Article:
1. Avoid a blanket policy that treats all people the same. All people are not the same and all circumstances are not the same. Take each person, each situation of need as unique and worthy of careful examination. Within the scope of what is possible, try to discern a person’s needs and how he can be served.
  • Strive to be helpful, not harmful. Saying no to a presenting need may be hard, but it may also be the right thing to do.
  • Err on the side of compassion. It’s not always easy to know what is helpful and what is harmful. Serving is seldom black-and-white; there is a whole lot of grey. In that greyness, I encourage you to err on the side of compassion.

No one gets it right all the time.

Try as we may to do the right thing, the helpful thing, there is still a chance we will not get it right. But that is no reason to feel guilty. Our knowledge and wisdom are limited. We can only act on what we know. Besides, God is more concerned with our sincere desire to help others than with the outcome of the help we give. Maybe this is why Jesus said what he did in Matthew 25 about serving him when we give a cup of water to a thirsty person, or food to a hungry person or clothing to a naked person or presence to a sick or imprisoned person . . . and so forth. In other words, err on the side of compassion and God will be pleased.

What do you think?

The subject of this blog is one that usually stimulates a lot of discussion. So, let me know what you think about it. I am genuinely interested in knowing your response to the attitude Why should be help those who won’t help themselves?

Written by:
David Crocker

David Crocker is the Founder of Operation Inasmuch. He was a pastor for 38 years prior to launching the Inasmuch ministry which has equipped more than 2,100 churches in 25 states and several other countries to mobilize their members in mercy ministry. David’s passion is seeing believers serving as the hands and feet of Jesus as a lifestyle.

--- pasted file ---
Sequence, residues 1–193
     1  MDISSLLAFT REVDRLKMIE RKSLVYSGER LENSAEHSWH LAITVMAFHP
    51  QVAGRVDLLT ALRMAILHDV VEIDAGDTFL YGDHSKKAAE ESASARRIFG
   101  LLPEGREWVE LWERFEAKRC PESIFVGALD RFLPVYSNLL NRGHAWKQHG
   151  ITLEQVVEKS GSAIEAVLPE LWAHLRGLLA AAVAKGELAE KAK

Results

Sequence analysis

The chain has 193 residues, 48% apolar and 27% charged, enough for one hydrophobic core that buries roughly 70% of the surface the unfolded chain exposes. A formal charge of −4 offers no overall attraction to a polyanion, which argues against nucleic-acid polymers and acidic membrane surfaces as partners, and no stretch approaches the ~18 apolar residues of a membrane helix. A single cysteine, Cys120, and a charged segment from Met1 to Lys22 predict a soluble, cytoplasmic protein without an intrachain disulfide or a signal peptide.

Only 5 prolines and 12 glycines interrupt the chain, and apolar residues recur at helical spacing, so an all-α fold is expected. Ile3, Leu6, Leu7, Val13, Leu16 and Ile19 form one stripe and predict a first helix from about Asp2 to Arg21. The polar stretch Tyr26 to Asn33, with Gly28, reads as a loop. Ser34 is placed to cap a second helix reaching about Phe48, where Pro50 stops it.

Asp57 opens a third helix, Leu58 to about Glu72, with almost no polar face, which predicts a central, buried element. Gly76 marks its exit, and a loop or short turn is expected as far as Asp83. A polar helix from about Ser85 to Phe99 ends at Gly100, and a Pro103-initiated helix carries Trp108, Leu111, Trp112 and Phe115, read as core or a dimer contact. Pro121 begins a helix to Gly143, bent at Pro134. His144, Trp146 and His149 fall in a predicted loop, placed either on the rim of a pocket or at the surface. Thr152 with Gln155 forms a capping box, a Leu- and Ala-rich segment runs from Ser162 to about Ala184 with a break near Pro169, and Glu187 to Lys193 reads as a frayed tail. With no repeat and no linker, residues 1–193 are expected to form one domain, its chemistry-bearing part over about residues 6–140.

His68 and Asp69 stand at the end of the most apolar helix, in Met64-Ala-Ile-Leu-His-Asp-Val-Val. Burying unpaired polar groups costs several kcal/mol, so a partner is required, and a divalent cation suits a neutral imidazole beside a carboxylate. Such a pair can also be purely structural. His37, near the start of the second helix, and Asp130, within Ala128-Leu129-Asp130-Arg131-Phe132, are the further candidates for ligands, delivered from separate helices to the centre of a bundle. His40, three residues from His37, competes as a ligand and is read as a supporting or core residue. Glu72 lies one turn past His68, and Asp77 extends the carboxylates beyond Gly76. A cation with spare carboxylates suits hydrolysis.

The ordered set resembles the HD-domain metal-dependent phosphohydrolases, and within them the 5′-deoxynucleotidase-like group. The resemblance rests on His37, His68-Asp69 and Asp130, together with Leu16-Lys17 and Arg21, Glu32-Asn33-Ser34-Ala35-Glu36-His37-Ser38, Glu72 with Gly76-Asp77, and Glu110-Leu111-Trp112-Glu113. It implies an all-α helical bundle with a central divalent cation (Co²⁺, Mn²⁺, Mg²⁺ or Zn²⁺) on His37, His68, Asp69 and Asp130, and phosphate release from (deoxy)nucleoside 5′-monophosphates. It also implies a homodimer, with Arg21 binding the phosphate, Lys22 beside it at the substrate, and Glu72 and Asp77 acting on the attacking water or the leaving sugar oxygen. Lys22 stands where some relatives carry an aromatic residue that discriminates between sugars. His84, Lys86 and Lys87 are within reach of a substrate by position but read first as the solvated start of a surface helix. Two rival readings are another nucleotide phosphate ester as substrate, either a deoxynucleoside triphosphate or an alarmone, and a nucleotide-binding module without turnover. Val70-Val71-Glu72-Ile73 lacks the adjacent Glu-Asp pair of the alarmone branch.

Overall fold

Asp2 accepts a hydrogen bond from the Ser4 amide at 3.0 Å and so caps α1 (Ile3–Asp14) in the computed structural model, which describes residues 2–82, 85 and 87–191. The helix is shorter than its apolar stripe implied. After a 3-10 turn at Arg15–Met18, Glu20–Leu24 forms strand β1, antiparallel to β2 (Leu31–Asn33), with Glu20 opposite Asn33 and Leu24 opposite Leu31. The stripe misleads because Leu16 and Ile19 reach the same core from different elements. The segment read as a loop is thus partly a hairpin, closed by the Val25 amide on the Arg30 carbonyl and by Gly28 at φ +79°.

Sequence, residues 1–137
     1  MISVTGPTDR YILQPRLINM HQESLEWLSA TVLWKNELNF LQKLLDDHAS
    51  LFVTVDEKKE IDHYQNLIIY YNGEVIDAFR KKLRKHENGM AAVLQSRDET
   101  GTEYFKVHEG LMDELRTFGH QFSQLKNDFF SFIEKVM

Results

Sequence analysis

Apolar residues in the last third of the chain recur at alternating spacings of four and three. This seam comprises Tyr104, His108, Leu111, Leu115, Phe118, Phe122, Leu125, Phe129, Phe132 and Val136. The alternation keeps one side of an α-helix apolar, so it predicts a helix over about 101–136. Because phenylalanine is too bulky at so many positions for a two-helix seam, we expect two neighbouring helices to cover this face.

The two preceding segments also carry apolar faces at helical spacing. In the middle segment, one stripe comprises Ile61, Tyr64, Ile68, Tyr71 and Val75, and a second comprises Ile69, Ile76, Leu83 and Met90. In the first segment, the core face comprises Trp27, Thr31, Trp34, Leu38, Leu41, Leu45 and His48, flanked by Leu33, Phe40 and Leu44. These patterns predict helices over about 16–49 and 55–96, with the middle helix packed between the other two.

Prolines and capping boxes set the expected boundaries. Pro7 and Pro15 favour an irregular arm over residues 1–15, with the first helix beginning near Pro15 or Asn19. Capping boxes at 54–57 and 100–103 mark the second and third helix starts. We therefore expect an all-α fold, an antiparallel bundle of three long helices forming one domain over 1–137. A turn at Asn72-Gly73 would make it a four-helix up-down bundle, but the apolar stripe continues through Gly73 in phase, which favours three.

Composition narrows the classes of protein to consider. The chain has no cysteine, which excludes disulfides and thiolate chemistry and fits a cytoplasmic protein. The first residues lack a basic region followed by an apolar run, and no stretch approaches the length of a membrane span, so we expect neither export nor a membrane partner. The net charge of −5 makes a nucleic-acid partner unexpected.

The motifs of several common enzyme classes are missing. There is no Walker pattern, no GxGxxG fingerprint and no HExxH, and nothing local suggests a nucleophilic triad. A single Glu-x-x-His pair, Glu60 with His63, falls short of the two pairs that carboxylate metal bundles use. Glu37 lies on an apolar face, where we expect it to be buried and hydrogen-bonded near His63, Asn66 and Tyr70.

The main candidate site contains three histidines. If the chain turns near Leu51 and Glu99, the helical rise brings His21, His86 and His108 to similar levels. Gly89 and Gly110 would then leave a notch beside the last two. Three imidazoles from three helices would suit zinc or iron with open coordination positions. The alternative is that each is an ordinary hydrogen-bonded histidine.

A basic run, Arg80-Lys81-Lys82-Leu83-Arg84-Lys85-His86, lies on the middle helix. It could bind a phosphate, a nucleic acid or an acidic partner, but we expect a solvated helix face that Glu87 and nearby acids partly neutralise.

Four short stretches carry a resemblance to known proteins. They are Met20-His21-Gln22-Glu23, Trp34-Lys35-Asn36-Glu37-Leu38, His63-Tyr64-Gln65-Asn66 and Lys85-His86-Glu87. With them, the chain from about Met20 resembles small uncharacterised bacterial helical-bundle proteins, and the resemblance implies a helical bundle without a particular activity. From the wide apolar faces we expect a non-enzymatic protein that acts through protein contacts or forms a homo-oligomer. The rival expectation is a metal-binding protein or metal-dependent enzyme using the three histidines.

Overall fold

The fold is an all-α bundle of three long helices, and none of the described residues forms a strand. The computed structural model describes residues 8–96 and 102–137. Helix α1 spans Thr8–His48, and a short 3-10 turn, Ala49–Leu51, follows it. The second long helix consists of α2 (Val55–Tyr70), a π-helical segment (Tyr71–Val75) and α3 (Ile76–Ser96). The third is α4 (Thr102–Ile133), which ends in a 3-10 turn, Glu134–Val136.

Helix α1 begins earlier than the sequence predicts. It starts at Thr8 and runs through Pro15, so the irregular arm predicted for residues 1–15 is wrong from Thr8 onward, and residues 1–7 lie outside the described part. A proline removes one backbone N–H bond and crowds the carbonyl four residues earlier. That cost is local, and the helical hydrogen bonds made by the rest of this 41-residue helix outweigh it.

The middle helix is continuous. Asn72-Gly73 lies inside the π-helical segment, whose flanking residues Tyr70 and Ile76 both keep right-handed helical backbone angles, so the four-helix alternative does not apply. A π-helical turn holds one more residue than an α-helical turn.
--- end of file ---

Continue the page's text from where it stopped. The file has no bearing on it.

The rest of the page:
One response to “Why Should We Help People Who Won’t Help Themselves”

  1. Jackie says:

    We have seldom ‘needed’ anything we couldn’t provide for ourselves. A generous friend was constantly giving us money. $20, $50, $100 and on one occasion $3,000 because she felt we needed a better car than what we had. (This was when you could buy a new car for about double that amount.) We always protested to no avail and finally decided her Spiritual gift was giving and we had no right to deny her those opportunities. We just stuck it back and watched for opportunities to pass it on to someone else. We sometimes saw a situation and just felt immediately it was legit. Other times we were impressed to check it out. Several times that ‘checking’ revealed a scammer. Once a man asked for money to pay for his grandchildren’s Christmas gifts from layaway at a local store. I said, “I don’t have any cash to give you but if you’ll follow me to the store I’ll pay the balance with a credit card.” He smiled and agreed. I drove with him following. When I turned in at the store he sped away on down the road.